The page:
No tumor necrosis

Again, these mice were fed the shark cartilage orally with undeniable tumor inhibiting results.

The Size of Shark Cartilage Polypeptides

Oikawa's research also determined that the molecular weight of the angiogenic inhibiting polypeptides he isolated in shark cartilage are significantly smaller than those in bovine cartilage they are also smaller than those found in all other mammalian sources including bovine cartilage.( 30)

Oikawa's used rabbit corneas for tumor angiogenesis determination and chick embryo choriallantoic mem-branes (CAM) for embryonic angiogenesis determination. "It was found that the inhibitory activities of crude fractions (isolated in shark cartilage) in the molecular weight range of 10( 3) and 10( 4) (filtered through a 10( 3) and/or 10( 4) Da cut-off, PSAC millipore membrane detected with the two assays were correlated with each other, and were not influenced by heat treatment."( 31) The Japanese shark cartilage (glyphis glaucus) was extracted and separated into four fractions of the size described above. Angiogenic inhibition was detected in these crude fraction of molecular weight between 10( 3) and 10( 4) ( 1,000 to 10,000 daltons).

Furthermore, Oikawa writes that when Lee and Lagner performed guanidine extraction for cartilage of the shark, they found that it contained a larger amount of cartilage than the calf. They compared the crude extract with that of calf cartilage by SDS electrophoresis, the patterns of which were different, particularly in the molecular weight range of 2 x 10( 4) ( 20,000 daltons). He goes on to say that the angiogenic inhibitors isolated from shark cartilage are smaller than that of calf cartilage and smaller than what Lee and Langer isolated and are heat stable.( 32)

Four years earlier in 1986, Luer prepared crude protein extracts from the cartilage of the bull shark (carcharhinus leucas) and the sandbar shark (carcharhinum plumbeus) by exposure of the cartilage to a similar process using guanidine chlorides and ultrafiltration. The protein fractions were then isolated for their ability to inhibit protease activity and the neovascularization associated with the process of angiogenesis. "Maximum inhibition of trypsin, chymotrysin and pronase is associated with protein fractions falling in the molecular weight range of 13,000 to 18,000 daltons, while fractions in the range of 25,000 to 33,000 daltons result in the greatest inhibition of collagenase activity and of the neovascular spread of skate embryo yolk sac blood vessels."33 However, this research was only published as an abstract in Federal Proc. It was conducted privately by Mote Marine Laboratory without any published detailed experimental design.

Intestinal Absorption Controversy Resolved

The therapeutic efficacy controversy concerning shark cartilage has mostly centered around the question of whether or not anti-angiogenic compounds get absorbed through the intestinal tract intact. Research described above has shown that the anti-angiogenic compounds are large polypeptide structures. Conventional theory holds that the size of these proteins are too large to be absorbed intact through the gastrointestinal tract.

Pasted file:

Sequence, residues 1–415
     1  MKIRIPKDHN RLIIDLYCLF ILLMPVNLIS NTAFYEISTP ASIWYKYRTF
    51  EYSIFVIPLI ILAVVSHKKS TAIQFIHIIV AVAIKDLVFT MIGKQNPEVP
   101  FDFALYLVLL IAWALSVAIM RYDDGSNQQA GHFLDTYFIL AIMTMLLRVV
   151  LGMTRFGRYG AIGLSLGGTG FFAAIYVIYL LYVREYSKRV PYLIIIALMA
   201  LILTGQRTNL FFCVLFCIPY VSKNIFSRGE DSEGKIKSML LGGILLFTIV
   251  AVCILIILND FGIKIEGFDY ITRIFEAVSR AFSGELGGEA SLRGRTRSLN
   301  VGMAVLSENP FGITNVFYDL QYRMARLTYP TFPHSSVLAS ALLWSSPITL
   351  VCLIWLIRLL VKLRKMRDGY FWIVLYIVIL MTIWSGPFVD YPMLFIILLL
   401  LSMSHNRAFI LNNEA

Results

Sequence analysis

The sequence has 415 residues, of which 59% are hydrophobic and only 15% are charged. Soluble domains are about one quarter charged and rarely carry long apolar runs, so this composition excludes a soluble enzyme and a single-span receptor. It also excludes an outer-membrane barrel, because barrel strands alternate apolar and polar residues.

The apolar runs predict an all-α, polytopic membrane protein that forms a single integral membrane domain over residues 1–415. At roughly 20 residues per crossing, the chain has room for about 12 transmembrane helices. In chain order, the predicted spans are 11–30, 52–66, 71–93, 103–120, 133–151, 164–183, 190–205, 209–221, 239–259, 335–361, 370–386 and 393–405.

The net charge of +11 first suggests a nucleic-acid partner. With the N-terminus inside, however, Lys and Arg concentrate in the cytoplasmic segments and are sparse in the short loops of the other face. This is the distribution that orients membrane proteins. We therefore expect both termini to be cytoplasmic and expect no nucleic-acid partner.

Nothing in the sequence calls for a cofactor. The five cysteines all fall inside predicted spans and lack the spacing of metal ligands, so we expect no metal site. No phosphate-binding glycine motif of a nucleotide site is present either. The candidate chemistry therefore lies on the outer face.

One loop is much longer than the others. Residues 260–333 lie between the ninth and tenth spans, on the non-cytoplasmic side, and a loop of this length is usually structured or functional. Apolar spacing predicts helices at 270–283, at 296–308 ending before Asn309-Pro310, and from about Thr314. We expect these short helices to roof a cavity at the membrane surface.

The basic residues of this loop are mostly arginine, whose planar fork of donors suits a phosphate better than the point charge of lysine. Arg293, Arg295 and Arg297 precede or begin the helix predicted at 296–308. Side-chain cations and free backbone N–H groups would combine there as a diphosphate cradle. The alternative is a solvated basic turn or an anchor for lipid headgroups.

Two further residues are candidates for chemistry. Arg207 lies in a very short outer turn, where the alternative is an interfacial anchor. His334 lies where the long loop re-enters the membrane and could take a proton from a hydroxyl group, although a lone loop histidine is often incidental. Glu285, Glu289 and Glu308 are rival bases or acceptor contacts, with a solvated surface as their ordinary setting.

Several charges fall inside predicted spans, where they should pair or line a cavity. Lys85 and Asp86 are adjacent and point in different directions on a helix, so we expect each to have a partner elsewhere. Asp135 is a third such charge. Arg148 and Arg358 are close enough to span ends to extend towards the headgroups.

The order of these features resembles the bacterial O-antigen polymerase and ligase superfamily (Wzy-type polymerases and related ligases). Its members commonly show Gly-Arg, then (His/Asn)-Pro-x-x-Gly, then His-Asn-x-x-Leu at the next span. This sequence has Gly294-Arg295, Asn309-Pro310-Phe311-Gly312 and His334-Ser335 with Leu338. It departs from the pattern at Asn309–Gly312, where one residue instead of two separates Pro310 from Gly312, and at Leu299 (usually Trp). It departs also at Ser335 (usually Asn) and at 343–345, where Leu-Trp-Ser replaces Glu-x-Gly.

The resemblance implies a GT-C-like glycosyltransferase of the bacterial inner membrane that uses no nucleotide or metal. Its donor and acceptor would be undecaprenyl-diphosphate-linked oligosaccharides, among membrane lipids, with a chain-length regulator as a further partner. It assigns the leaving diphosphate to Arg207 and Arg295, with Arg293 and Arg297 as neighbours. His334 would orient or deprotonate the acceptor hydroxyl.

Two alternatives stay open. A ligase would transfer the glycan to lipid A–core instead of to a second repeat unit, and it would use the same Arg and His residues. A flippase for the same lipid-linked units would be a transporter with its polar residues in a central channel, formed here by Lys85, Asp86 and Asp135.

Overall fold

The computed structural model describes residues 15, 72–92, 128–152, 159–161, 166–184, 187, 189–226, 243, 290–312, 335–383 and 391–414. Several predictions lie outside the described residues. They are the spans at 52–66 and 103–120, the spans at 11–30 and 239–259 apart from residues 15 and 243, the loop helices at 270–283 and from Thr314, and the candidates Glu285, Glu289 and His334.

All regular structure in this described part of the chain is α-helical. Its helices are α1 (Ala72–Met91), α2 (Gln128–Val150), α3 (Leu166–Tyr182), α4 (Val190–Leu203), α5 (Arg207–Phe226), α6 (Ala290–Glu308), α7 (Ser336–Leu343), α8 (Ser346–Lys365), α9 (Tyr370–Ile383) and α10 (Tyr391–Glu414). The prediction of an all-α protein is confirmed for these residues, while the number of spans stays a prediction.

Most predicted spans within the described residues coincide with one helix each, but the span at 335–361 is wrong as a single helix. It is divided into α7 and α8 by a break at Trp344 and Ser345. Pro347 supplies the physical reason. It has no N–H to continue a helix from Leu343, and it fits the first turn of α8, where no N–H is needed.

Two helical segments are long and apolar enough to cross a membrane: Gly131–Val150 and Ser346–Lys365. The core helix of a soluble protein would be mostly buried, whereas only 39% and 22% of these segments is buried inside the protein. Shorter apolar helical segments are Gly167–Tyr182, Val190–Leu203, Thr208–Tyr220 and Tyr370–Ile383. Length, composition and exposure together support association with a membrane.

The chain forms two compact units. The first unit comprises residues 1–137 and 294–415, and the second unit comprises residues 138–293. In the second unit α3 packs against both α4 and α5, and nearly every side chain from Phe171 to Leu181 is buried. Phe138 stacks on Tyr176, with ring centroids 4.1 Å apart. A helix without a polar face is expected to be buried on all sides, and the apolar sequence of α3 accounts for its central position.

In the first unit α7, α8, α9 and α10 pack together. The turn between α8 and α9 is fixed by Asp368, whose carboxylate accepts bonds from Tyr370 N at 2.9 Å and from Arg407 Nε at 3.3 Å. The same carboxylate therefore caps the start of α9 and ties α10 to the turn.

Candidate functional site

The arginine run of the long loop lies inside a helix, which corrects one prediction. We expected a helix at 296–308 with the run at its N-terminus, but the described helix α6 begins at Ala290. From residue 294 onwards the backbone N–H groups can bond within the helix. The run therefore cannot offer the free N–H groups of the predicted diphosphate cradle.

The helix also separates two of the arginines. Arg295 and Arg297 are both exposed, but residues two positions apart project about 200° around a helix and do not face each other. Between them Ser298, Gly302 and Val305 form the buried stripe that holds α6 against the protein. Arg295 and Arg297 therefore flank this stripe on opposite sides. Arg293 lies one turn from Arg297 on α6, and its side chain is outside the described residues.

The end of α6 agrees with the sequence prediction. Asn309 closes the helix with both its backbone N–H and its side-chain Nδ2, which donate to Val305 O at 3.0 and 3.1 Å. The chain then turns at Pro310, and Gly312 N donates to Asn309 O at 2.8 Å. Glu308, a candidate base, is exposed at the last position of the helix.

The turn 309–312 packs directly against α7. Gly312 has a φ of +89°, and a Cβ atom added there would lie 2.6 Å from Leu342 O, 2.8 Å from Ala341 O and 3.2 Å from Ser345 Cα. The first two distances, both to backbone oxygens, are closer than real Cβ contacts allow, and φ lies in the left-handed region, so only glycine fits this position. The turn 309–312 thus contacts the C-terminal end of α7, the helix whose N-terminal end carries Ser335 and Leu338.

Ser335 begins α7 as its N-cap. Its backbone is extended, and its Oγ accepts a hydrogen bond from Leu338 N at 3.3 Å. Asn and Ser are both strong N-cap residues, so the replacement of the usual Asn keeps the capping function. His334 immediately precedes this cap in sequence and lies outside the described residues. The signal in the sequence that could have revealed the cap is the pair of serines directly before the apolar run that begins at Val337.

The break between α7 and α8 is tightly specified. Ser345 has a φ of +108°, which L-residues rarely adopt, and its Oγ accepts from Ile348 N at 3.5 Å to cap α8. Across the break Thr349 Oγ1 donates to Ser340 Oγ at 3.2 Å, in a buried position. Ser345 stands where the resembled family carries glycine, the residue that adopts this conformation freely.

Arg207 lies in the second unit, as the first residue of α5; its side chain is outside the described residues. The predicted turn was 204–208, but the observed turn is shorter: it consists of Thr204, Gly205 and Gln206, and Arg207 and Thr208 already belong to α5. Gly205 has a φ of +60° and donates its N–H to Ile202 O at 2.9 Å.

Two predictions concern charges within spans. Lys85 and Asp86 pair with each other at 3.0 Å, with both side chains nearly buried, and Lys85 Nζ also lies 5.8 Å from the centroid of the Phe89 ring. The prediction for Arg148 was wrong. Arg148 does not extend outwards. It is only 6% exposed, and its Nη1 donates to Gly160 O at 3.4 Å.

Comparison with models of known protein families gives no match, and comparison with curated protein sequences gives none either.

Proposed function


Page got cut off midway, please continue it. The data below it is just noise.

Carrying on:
However, there is a new paradigm of understanding concerning intact absorption of large polypeptides that has been verified by multiple researchers from varying perspectives.

One of these perspectives is offered by Michael Murray, ND, respected by his peers as a fair and innovate researcher and reviewer of current literature. He stated that;

"Contrary to long held theories that the healthy individual does not absorb proteins and large polypeptides intact, there is now irrefutable evidence that many large macromolecules are absorbed intact from the human gut into the bloodstream under normal conditions.( 30) In some instances, the body appears to recognize which molecules it needs to absorb intact and which molecules it needs to break down into smaller units. This phenomenon may help to explain the effectiveness of glandular therapy."( 34)

Gardner, in his leading article, who was references by Murray in this former quote elaborates by saying; "There now is irrefutable evidence that small amounts of intact peptides and proteins do enter the circulation under normal circumstances....There is now no reasonable doubt that small quantities of intact proteins do cross the gastrointestinal tract in an im nis and adult humans, and that this is a physiologically normal process required for antigen sampling by subepithelial immune tissue in the gut....The process of intact protein absorption occurs without eliciting harmful consequences for most individuals, but it appears likely that a small number of people absorbing these "normal" amounts may react idiosyncratically; also, some individuals may absorb excess amounts, and they may suffer clinically significant consequences."( 35)

Over 50,000 patients worldwide have taken shark cartilage over the last five years. No adverse immune binding or allergic reactions to shark cartilage have been reported in the literature or by any treating physicians.

As early as 1980 Mathews and Payne in their chapter titled Transmembrane Transport of Small Peptides in Current Topics in Membranes and Transport, Vol 14, admitted that "not long ago, the author of this section (Mathews) might have written that it was probable that there was no significant mediated uptake of tetra or higher peptides, but a recent report has provided evidence for uptake by the absorptive cells of at least one tetrapeptide...."( 36)